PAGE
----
In reply to the question of why Pope Francis approved sainthood for John XXIII without waiting for the customary second miracle, one of Italy's leading Catholic journalists on Monday offered a striking historical answer: Because it was the last unfulfilled request of the Second Vatican Council, the watershed assembly which "Good Pope John" convened.
The Vatican announced July 5 that Francis had approved a decree certifying a second miracle for Pope John Paul II, clearing the way for his canonization, and at the same time had agreed to move forward with John XXIII without a second miracle.
A consistory of cardinals will meet in September to formally approve the canonizations and to set a date for the ceremony, which could occur later this year.
Writing Monday in Avvenire, the official newspaper of the Italian bishops, journalist Stefania Falasca noted that the famed French Dominican theologian Yves Congar* recorded in his diary from Vatican II (1962-65) that Belgian Cardinal Lèon Joseph Suenens at one stage planned to close a speech on the council floor with a request for the immediate canonization of Pope John XXIII "by acclamation."
It was a request, Falasca says, that was shared by many participants in the council and by "a multitude of the faithful." (Falasca is editor of the prestigious journal 30 Giorni.)
Reflecting the popular groundswell at the time, she quotes an article from the Italian paper Gazzetta del Popolo the day after Pope John's death on June 3, 1963:
One day soon, if God wants it, we'll stop referring to John XXIII as 'His Holiness' and speak instead of his holiness, including in an official and canonical way. We hope no one will feel the need to demand from him one of the ritual miracles necessary for canonization.
A miracle involving the healing of an Italian nun from severe internal hemorrhages was attributed to John XXIII at the time of his beatification in 2000. Falasca lays out two reasons the decision to bypass the second miracle usually required for sainthood is not a matter of "shortcuts, simplifications or arbitrary decisions."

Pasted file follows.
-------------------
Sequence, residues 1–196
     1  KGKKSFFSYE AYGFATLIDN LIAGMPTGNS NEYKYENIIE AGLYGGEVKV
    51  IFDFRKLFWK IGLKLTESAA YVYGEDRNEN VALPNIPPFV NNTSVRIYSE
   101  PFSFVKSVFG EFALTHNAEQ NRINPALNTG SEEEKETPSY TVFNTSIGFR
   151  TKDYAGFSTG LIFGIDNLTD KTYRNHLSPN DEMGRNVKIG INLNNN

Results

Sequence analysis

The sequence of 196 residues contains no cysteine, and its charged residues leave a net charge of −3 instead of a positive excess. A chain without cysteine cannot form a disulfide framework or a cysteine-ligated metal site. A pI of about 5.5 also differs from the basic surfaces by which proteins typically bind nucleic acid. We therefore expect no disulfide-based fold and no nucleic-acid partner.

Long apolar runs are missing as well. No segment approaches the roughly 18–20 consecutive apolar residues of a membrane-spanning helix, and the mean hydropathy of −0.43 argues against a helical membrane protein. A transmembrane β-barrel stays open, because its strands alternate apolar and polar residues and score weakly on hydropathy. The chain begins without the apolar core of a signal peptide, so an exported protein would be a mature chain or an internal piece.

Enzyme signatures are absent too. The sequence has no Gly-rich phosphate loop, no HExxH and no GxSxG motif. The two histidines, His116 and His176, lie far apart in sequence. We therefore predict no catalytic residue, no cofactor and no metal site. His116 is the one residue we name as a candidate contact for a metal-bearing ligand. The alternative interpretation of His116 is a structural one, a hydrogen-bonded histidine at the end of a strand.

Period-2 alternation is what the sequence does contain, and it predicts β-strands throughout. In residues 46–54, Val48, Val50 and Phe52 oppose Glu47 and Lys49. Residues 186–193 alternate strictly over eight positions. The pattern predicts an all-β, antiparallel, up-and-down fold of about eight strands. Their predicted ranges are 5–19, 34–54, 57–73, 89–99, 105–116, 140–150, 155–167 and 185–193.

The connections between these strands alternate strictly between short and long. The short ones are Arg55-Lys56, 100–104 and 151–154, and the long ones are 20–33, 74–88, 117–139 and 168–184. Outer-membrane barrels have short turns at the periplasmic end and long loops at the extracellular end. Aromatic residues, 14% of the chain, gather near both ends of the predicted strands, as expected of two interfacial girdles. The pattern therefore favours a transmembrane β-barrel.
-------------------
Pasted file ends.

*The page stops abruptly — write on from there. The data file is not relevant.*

She notes there's precedent, citing John Paul II's waiver of the requirement for individual miracles when he decided to canonize 120 Chinese martyrs together on Oct. 1, 2000, as part of the Great Jubilee year.
In the case of John XXIII, Falasca argues, the Vatican has already conceded permission in so many different parts of the world to celebrate the feast of his beatification that he's already de facto regarded as a saint of the universal church.
Moreover, she suggests, the lack of a formal miracle certified by Vatican overseers is more or less a technicality, given what she calls the "growing fame of signs and miracles that accompanies the memory" of John XXIII.
"After his beatification on Sept. 3, 2000, numerous reports have arrived at the direction of his sainthood cause from all over the world of graces and favors obtained from his intercession," she writes, "often accompanied by medical documentation."
Falasca says there are 20 among the "most interesting" of these reports.
"Quite a few underwent a preliminary medical review with an eye towards a possible process, even if none of them for the moment have been through the canonical process for recognition," she writes.
Second, Falasca argues, the logic for setting aside the miracle requirement is that the desire that John XXIII be made a saint was expressly articulated within an ecumenical council, representing the will of what's usually considered the most important teaching authority of the church.
"No other candidate for canonization can actually claim such an exceptional status," she writes.
"On the occasion of the 50th anniversary of the opening of Vatican II," she writes, "the desire expressed by that ecclesial assembly, which wanted John XXIII to be named a saint, will finally be embraced, carrying their hopes to fruition."
"Indeed," Falasca writes, "the request for canonization of Pope Roncalli was the only request formulated by the council fathers that hasn't yet been carried out, given that the publication of a universal catechism for the church has already happened."
*An earlier version of this story misspelled Yves Congar's name.
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